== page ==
On Friday, Indiana Gov. Eric Holcomb signed a bill that will ban most abortions starting Sept. 15, making it the first state to pass such a restrictive law in the post-Roe era.
Before the state Senate and House passed the bill on Friday, anti-abortion lawmakers debated for hours over whether to remove exceptions for rape and incest in the bill, as abortion rights protesters outside chanted "bans off our bodies." The lawmakers finally approved the bill with narrow exceptions that included those for cases of rape, incest, fatal fetal anomalies, and when the life of the pregnant person is endangered.
Republican House Rep. John Jacob, an anti-abortion extremist who wanted to remove all exceptions from the bill, including those for rape and incest, declared that an abortion was not a woman’s choice.
“The body inside of the mom’s body is not her body,” Jacob said on Friday. “Let me repeat that: The body inside of the mom’s body is not her body. Not her body, not her choice.”
Jacob, who was among a handful of Republicans who voted against the bill because it did not go far enough, said, “Trying to end all abortion is not forced birth, but rather it is trying to end murdering children,” the Washington Post reported.
Responding in anger to his remarks on the floor, Democratic House Rep. Renee Pack, said, “Sir, I am not a murderer. And my sisters are not murderers, either. We are pro-choice. That is what we are. We believe that we have command over our own bodies. That's who we are.”
During the debate, Democratic lawmakers brought up the recent news of a 10-year-old rape victim, who had to travel from Ohio to Indiana to get an abortion. (Many Republicans had dismissed the news as a political hoax before a suspect was arrested for the rape.)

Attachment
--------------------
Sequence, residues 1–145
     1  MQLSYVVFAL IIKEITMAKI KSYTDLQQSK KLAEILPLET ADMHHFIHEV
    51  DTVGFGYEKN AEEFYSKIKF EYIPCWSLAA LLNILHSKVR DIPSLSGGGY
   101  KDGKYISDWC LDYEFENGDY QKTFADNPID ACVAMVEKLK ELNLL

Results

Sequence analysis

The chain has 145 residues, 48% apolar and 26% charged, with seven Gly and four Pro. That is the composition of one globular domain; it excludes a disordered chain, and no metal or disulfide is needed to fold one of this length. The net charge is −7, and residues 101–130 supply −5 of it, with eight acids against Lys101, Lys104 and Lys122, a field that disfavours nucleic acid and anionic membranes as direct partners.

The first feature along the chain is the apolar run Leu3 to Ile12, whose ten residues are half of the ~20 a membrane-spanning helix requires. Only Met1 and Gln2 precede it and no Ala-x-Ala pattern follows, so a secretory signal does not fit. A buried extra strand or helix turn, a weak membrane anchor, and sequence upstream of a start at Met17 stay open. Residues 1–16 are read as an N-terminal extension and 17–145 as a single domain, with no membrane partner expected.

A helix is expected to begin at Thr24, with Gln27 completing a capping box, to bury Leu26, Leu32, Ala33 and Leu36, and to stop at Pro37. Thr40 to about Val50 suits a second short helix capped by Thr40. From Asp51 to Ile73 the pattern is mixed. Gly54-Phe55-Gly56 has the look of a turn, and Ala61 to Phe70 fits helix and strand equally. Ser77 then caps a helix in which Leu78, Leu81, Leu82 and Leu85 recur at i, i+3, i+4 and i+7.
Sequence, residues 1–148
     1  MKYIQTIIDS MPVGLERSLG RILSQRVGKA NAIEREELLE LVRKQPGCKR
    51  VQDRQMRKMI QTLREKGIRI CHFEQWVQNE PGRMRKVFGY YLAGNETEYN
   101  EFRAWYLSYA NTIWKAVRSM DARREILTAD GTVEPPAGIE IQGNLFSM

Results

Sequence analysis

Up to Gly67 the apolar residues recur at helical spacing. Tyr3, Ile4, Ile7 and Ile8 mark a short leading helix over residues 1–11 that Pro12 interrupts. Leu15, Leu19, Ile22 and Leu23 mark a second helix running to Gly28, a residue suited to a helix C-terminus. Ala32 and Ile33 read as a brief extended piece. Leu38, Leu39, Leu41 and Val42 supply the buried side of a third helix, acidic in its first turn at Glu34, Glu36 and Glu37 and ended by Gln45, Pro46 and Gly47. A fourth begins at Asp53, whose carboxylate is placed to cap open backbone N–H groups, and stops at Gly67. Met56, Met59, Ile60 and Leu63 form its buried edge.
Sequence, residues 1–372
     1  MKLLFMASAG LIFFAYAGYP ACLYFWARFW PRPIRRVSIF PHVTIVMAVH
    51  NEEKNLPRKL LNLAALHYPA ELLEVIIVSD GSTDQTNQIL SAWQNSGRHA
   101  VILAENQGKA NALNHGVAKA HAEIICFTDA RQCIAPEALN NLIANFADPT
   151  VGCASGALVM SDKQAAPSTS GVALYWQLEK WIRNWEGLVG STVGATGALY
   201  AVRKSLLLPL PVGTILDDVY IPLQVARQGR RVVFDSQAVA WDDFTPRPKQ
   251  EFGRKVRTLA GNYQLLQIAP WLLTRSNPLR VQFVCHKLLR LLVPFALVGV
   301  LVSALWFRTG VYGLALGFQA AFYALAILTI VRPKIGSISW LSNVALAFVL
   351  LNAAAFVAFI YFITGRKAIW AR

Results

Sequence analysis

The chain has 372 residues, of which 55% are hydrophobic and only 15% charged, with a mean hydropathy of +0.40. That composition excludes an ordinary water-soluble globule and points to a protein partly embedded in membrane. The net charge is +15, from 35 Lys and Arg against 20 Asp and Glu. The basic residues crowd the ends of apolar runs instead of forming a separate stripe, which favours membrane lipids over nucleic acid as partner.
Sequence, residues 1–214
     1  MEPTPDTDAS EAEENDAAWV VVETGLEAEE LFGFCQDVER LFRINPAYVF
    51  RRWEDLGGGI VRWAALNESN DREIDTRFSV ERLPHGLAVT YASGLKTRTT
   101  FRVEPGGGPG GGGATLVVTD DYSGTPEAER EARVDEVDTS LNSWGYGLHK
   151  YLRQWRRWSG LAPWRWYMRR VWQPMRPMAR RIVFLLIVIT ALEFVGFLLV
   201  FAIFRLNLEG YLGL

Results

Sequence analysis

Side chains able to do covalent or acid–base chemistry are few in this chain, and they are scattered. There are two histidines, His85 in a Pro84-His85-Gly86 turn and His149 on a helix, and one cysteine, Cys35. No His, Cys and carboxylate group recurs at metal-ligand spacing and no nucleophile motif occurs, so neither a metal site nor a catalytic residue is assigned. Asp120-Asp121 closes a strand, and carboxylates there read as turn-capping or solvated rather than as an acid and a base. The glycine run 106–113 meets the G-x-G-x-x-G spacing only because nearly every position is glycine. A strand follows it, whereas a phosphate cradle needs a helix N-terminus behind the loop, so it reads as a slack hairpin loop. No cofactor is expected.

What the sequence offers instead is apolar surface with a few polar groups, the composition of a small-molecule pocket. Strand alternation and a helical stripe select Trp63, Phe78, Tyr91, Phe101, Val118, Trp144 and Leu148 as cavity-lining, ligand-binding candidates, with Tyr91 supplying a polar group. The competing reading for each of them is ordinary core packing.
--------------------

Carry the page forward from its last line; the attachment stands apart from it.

When GOP House Rep. Karen Engleman was asked whether her amendment to eliminate the rape and incest exceptions from the bill would even apply to a fifth-grade victim of incest, Engleman sighed and said, “It does,” before adding, “but I think it’s harmful to put a minor in the position of being the new Jane Roe.”
GOP state Sen. Mike Bohacek, who voted against the bill, spoke emotionally about his 21-year-old daughter, who has Down syndrome. He said the bill did not provide adequate protections for rape victims with disabilities.
“If she lost her favorite stuffed animal, she’d be inconsolable. Imagine making her carry a child to term,” Bohacek said on Friday, before choking up and exiting the chamber.
Some Democrats attempted to introduce amendments to the bill in an effort to make a statement. House Rep. John Bartlett proposed an amendment to ban the prescription and distribution of erectile dysfunction and impotence drugs in Indiana.
“We're forcing young girls to be mothers, but not forcing the men to be fathers,” Bartlett said on Thursday. “If an unwanted pregnancy is an act of God, then impotency must be an act of God,” he added, as the chambers erupted in laughter. “Some may think this is a joke, but it takes two people for a pregnancy to come about. And to put all the onus onto a woman, I think it’s unfair."
After the vote, Democratic lawmakers expressed their anger over the restrictive bill. State Sen. Greg Taylor tweeted, “I hope this supermajority is ready to take responsibility for the women and girls who will lose their lives to their dangerous legislation.”
“Hoosier women are now lesser human beings than we were yesterday,” state Sen. Shelli Yoder tweeted. “We have lost the right to self-determination, to autonomy, to the futures we want to build for ourselves.”
After the Supreme Court struck down Roe v. Wade, Republican lawmakers in several states have attempted to eliminate or severely restrict abortion access despite the fact that most Americans believe the medical procedure should stay legal.
Only days before Indiana's abortion ban, voters in Kansas rejected an attempt to strip abortion protections from the state's constitution, in what was seen as a massive victory for abortion rights.